Italy has seen 55 different governments in the last 50 years. But a new initiative to reform the Constitution and add a greater degree of balance of power among the branches of the government may significantly alter the variable scene of Italian politics.
Bickering among Italy's politicians over just how to go about revising the country's 50-year-old Constitution came to an end recently with the creation of a special parliamentary commission.
Members of the lower house of parliament had no trouble Jan. 23 reaching the two-thirds majority needed to assemble the special legislative body comprising 70 parliamentarians from both the lower house and the Senate.
For the next five months, the commission's job will be to propose far-reaching constitutional reforms that are expected to streamline the electoral process and strengthen the executive branch. Once the commission finishes its work, Italians will vote on the proposed reforms in a referendum, possibly as early as September.
The new constitution is expected to pave the way for the transformation of Italy into a two-party system while creating a new, powerful figure to head the executive branch. The end result would be a shift in the balance of power from the legislative to the executive branch and, politicians hope, longer and more stable governments.
"Hopefully, what will happen five months down the road is that parliament will divest itself of the excessive powers it holds, giving them back to the executive branch," explains Saverio Vertone, a historian and member of parliament. "The result will be steadier governments and less bureaucracy."
No more calls for independence?
The decentralization and downsizing of government will also be a priority, much to Umberto Bossi's dismay. The leader of the separatist Northern League has made it clear that his party will not sit in on the commission because, he says, "it will produce a mess, with a touch of federalism and a whole lot of everything else."
The Northern League most recently has called for the complete independence of the north of Italy, which it has dubbed Padania. The league bases its demands on the frustration many northerners have with southern Italy's slow economy and an inept, and often corrupt, central government.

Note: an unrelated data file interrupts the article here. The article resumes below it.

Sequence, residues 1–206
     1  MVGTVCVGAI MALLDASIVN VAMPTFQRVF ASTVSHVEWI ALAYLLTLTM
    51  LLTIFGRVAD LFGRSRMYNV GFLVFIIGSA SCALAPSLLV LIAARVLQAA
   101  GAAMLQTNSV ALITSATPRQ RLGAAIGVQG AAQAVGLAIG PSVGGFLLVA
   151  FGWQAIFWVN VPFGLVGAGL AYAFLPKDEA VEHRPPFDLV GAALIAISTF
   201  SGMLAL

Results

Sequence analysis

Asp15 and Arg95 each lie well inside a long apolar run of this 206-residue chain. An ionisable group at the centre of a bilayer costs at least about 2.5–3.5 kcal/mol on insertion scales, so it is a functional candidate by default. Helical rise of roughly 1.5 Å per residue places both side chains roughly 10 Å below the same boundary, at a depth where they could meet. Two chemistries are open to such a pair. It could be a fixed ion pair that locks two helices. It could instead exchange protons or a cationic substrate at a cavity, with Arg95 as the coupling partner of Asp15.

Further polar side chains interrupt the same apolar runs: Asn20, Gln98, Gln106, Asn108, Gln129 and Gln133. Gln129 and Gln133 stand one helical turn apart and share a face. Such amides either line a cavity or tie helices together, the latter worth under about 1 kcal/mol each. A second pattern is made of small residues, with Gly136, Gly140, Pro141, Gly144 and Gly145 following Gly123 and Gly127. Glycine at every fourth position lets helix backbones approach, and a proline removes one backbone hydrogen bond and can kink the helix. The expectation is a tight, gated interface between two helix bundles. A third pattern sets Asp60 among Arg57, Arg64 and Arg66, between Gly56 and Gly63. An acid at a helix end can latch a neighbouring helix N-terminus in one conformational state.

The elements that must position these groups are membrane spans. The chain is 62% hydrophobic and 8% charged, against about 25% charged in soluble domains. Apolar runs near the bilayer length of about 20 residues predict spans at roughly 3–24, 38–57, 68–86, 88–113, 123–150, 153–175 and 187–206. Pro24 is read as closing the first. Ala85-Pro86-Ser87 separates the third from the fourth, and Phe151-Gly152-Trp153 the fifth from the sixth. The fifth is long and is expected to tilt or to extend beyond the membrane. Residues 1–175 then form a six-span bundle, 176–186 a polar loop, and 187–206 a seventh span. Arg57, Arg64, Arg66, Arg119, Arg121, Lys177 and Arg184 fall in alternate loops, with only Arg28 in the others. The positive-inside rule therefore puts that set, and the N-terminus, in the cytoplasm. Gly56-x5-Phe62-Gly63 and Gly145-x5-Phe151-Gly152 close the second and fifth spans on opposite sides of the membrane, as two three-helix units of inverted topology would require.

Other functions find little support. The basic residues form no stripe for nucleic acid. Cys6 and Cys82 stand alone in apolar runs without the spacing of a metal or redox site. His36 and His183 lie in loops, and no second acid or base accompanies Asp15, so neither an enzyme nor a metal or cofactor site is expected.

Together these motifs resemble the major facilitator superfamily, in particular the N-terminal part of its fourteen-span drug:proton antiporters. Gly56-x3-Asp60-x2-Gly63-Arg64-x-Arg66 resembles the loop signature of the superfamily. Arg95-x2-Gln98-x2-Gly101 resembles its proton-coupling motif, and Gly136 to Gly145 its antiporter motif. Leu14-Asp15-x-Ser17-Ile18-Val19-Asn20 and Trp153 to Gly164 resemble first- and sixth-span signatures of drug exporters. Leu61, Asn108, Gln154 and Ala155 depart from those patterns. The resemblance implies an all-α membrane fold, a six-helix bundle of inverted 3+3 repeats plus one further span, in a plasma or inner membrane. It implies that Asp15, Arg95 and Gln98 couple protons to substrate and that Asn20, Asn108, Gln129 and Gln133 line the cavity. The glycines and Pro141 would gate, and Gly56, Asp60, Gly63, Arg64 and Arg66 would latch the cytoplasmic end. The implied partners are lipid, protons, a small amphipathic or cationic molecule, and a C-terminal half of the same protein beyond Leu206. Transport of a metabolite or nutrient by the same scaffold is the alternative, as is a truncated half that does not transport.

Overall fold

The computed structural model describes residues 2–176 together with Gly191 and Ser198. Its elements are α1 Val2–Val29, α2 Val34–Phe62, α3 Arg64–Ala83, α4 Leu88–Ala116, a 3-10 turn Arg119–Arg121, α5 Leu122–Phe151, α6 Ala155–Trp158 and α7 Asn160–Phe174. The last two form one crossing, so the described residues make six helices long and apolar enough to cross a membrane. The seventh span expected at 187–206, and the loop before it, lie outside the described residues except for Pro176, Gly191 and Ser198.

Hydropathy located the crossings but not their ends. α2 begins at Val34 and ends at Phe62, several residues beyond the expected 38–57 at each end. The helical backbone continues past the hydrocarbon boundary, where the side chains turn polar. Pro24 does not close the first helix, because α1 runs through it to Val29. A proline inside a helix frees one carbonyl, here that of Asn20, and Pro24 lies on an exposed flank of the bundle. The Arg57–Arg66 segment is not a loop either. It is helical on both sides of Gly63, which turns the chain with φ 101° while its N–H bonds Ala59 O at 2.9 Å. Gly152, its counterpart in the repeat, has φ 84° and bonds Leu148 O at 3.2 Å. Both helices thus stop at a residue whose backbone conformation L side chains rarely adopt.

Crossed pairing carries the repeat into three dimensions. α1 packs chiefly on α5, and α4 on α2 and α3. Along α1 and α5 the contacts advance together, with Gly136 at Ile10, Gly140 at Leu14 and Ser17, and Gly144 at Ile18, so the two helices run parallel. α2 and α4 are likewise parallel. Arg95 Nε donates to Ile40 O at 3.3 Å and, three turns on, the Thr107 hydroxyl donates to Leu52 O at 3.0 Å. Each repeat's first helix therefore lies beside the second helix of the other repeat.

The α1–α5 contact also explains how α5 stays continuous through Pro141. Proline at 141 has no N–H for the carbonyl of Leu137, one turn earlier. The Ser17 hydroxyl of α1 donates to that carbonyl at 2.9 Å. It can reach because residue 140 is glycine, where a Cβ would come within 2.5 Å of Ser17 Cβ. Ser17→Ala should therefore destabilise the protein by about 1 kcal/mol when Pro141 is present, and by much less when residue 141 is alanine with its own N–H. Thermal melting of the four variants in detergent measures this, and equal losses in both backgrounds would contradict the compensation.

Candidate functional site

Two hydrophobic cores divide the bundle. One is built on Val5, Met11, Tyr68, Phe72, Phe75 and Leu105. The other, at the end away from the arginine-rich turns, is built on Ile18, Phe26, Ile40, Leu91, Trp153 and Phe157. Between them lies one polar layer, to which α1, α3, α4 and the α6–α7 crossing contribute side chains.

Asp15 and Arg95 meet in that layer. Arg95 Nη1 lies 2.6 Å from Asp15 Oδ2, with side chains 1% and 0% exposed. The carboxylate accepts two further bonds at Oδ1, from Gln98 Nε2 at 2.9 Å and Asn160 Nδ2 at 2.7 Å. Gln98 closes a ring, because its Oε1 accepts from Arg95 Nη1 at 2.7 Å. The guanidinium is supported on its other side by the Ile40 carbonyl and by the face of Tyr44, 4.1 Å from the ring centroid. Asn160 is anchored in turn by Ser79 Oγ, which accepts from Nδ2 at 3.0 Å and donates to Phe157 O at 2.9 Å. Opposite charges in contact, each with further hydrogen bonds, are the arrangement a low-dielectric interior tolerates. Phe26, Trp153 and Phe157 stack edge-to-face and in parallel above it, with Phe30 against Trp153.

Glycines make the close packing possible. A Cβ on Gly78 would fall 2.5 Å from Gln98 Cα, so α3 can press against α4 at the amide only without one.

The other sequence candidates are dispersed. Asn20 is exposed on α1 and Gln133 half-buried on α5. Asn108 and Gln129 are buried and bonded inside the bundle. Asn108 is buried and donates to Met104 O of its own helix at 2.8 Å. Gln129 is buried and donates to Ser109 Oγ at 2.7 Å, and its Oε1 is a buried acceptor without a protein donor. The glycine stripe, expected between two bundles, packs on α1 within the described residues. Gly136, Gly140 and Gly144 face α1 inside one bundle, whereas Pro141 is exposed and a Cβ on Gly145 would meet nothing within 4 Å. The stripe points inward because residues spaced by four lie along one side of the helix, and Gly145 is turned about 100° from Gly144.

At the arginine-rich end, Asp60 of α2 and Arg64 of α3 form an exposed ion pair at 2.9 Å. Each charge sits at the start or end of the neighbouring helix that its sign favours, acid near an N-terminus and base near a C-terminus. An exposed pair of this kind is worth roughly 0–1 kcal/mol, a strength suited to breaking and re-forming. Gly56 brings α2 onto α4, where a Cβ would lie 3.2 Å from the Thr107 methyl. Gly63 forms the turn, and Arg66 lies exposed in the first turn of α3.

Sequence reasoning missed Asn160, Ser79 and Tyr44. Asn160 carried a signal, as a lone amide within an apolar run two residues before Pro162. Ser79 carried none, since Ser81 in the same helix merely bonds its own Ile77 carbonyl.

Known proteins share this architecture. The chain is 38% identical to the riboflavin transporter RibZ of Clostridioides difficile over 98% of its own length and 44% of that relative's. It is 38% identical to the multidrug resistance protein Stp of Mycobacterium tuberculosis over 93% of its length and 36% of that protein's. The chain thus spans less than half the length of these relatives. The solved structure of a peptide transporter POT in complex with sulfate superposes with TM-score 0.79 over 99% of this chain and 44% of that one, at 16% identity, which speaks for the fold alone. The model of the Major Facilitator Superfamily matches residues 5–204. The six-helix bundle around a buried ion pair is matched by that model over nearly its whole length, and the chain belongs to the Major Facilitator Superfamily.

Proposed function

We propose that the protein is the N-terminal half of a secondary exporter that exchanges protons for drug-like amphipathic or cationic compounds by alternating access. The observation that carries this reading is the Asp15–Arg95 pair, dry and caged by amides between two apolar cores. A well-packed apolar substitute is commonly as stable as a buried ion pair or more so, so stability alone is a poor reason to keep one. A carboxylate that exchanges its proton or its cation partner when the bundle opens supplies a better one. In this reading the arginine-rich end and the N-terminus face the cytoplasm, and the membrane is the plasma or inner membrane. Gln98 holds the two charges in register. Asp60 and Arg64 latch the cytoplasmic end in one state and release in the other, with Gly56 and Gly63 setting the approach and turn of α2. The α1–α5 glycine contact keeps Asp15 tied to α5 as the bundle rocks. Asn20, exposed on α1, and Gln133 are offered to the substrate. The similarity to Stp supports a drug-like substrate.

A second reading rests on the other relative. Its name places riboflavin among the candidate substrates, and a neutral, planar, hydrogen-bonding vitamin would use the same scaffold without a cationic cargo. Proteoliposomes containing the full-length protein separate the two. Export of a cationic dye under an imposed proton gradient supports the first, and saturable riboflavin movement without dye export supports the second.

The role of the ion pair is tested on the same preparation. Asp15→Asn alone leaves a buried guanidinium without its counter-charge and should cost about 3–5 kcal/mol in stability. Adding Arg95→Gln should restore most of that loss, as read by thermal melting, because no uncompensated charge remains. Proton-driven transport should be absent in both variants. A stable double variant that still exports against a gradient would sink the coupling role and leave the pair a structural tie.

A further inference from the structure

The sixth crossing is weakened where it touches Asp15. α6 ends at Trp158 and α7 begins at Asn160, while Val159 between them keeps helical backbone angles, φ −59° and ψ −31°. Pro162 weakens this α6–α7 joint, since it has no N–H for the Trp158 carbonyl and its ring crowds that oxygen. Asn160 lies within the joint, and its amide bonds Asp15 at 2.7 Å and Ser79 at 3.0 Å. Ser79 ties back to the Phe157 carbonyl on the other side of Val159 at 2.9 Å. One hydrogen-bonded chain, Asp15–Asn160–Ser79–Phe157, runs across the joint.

Observers have pointed out that if the bicamerale, as the joint parliamentary commission is known, carries out federalist reforms, giving the Italian states greater autonomy, Mr. Bossi's party might lose its raison d'etre.
Significantly, months of bitter dispute over the bicamerale have failed to give Italians an idea of what is going on.
With the word bicamerale - which comes from camera, or room - on the front page of every major newspaper for six months, one would expect ordinary Italians to have a sense of what is being discussed. That, however, does not seem to be the case.
Vox populi: We're clueless
The problem appears to be the way politicians talk. The political syntax used in reference to the bicamerale has grown so garbled and historical references so confusing that the vast majority of Italians are simply unaware their Constitution is about to be changed.
"The bicamerale?" muses a woman shopping on posh via Condotti in Rome. "It's what our new parliament will look like. It will still be divided in the lower house and the Senate but will be much smaller and faster."
"You're way off track," her friend interrupts. "The bicamerale is a new committee they've set up in parliament." Pressed for more details, she shakes her head. "Don't ask me what they plan to do with the committee, but if I had one guess, I'd say they'll raise taxes."
To the fruit vendors in Campo dei Fiori, a bustling market in the historic center of Rome, the bicamerale may as well be an exotic fruit or vegetable. "I don't know, and I'm not interested," says Franco M. as he hands one of his customers a bag full of nectarines.
Among those who do not know what the bicamerale is, many suspect it is a devious scheme by the government but are unclear as to its specific end.
"I have no idea what this bicamerale is about, and I don't care," says Alessandro Panatta, a teenage student. "But it's got to be some law that allows [politicians] to steal some more."
"The bicamerale is a committee made up from members of both houses of parliament," says Ivan Bertucci, owner of a newspaper stand in Piazza San Silvestro. "Don't ask me what they'll do. They'll probably take turns sleeping."
"It's something in parliament," mumbles a young woman. Her friend, an architecture student, is much more assertive. "Yes, it's in parliament and it's this thing that's going to make new laws about the way we vote." Asked what will be different about the electoral system, she shrugs: "I don't know."
Robert Fasulo, an American who has been in Italy for over 10 years, believes politicians are mostly to blame for the confusion: "These people talk in circles."
Even recent headlines do not exactly shine for clarity. "[Foreign Minister Lamberto] Dini tells [opposition leader] Silvio Berlusconi: Let's do the bicamerale together," was the cryptic front page headline in Italy's leading paper, Il Corriere della Sera, earlier this month.
As Indro Montanelli, an editorialist for Il Corriere, noted: "Who can blame Italians for not having a clue?"